Cognitive Behavioral Therapy (CBT) is part of an integrated approach to these healing from the wild moods. It helps you to learn to identify and challenge painful, limiting thoughts, and replace them with more accurate, and more positive assessments.
Negative thoughts breed negative moods
In using CBT we focus in on how thoughts are actually helping to trigger upwellings of depression and anxiety. Your mood is very responsive to thoughts; if you are constantly thinking negative thoughts, then it’s impossible that your mood will not reflect it.
CBT has been heavily researched, and has been shown to be very effective in alleviating the worst of depression and anxiety. It can be surprising to see how impactful thoughts are, but when you learn to consciously shift your thinking, you both stop triggering the depression/anxiety, but you also start feeling more in control of your inner life.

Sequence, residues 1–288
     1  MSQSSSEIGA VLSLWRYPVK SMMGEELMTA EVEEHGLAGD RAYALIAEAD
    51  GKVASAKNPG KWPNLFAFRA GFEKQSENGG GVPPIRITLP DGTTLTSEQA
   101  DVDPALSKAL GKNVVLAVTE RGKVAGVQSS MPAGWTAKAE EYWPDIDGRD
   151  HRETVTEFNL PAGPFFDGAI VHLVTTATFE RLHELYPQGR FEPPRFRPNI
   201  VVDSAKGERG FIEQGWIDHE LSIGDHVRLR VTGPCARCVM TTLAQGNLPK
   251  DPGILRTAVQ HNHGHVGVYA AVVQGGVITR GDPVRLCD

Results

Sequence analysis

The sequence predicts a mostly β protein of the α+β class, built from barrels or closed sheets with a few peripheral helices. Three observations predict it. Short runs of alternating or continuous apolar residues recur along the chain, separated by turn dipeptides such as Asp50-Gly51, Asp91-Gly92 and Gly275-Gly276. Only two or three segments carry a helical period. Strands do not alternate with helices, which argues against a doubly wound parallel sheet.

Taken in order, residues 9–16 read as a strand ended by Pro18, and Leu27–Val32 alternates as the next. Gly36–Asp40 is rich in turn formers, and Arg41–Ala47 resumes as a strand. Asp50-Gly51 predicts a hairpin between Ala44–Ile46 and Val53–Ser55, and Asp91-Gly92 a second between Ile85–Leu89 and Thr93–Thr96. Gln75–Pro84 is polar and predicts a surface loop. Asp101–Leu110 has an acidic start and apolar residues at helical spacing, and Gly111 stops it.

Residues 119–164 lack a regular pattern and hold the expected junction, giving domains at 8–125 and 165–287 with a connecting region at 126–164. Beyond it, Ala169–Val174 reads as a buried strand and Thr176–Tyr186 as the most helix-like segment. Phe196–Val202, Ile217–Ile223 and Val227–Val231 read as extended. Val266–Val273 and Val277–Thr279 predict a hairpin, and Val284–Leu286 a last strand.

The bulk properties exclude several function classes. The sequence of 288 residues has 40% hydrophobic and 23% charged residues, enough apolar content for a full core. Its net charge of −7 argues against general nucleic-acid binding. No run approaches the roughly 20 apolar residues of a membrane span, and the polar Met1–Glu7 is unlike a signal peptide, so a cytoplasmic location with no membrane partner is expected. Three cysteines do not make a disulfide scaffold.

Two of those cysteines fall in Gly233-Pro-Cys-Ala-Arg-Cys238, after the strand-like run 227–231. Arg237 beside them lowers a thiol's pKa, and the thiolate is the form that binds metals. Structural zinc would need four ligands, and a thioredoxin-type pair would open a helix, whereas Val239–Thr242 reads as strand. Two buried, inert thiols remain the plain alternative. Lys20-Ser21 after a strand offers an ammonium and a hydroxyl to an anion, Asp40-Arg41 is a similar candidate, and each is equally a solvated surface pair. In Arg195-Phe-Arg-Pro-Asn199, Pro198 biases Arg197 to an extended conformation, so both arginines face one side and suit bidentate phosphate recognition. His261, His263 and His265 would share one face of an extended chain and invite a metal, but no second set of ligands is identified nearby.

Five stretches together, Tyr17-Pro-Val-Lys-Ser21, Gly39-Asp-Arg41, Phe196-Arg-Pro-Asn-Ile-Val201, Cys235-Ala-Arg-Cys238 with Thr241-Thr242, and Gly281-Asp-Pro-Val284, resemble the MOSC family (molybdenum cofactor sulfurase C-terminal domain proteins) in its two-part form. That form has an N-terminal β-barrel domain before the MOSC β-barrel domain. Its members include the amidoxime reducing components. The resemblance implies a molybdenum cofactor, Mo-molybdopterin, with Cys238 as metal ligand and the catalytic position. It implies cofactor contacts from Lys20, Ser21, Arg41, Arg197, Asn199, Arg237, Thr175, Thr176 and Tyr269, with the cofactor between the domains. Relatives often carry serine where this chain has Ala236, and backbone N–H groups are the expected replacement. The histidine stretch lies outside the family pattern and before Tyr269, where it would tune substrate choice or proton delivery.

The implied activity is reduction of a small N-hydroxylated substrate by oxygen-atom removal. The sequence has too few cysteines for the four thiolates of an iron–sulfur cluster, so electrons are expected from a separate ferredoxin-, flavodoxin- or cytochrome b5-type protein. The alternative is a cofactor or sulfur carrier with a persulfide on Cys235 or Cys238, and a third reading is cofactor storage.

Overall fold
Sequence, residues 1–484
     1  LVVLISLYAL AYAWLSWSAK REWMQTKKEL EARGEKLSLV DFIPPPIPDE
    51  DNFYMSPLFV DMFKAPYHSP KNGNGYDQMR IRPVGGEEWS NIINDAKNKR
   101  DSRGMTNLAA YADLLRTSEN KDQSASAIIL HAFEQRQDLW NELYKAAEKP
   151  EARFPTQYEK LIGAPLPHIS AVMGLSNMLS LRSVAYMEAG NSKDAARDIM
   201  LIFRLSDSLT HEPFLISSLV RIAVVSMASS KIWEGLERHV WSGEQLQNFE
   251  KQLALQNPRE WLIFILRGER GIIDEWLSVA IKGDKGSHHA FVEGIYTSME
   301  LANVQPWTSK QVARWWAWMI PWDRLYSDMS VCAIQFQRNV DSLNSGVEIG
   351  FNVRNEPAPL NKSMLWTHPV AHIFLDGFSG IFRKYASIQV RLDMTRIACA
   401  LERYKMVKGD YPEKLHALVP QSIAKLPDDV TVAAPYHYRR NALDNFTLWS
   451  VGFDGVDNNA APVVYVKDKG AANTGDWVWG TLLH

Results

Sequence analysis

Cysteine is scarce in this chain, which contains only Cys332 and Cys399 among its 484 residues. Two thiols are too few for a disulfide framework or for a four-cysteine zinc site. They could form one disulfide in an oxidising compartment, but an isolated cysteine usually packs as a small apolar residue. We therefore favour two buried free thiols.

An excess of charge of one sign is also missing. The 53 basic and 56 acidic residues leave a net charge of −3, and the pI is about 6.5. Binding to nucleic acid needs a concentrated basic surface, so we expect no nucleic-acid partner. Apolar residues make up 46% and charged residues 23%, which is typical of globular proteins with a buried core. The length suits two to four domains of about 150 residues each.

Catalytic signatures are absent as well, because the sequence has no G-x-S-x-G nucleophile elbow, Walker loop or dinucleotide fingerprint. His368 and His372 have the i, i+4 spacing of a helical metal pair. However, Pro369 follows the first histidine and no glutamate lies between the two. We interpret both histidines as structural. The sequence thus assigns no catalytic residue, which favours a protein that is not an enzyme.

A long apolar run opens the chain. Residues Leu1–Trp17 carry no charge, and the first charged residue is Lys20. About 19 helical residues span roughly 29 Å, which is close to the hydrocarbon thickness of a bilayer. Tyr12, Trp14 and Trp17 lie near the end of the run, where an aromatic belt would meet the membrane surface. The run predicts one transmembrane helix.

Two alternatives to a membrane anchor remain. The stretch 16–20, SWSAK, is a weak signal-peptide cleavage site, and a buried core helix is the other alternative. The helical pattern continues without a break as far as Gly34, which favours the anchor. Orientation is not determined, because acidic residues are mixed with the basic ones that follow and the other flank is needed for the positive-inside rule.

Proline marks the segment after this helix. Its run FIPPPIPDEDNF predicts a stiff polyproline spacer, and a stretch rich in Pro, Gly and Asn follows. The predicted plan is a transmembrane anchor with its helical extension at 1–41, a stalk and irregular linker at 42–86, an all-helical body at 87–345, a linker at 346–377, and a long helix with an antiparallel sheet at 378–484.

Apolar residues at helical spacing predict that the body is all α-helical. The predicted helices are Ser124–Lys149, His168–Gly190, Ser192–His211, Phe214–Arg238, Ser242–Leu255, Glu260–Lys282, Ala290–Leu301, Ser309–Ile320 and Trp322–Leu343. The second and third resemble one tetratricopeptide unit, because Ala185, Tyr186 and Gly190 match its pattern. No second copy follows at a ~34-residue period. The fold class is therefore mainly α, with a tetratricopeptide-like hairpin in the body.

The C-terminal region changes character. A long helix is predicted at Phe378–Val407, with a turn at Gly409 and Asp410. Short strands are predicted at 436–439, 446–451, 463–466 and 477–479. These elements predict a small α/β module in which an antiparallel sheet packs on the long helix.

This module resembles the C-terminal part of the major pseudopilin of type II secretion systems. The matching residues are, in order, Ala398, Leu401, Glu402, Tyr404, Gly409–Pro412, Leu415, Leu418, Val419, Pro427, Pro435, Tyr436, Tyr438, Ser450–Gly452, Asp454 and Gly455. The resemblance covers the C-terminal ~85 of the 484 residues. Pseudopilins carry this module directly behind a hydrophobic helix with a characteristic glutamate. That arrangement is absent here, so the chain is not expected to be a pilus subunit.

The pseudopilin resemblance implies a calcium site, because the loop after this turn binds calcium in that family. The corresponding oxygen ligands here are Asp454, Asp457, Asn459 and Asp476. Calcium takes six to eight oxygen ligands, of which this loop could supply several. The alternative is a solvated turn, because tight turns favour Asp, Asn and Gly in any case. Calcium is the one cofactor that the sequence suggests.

CBT is a way of taking apart old habits of thought, and putting in their place healthier patterns of thought that, because of the way the brain is wired, inevitably lead to more buoyant moods that sustain over time. This is the absolutely essential skills-building part of therapy.
CBT and Mindfulness Practice
When CBT is undergirded by mindfulness practice, it becomes that much more powerful, because then CBT’s inherent emphasis on change is coupled with mindfulness practices’ training in letting go and accepting. Strengthening your ability to regulate your inner experience, and also to accept and allow what cannot be immediately changed, is a short way of describing what the cure to these wild moods actually is. CBT is a key part of this cure.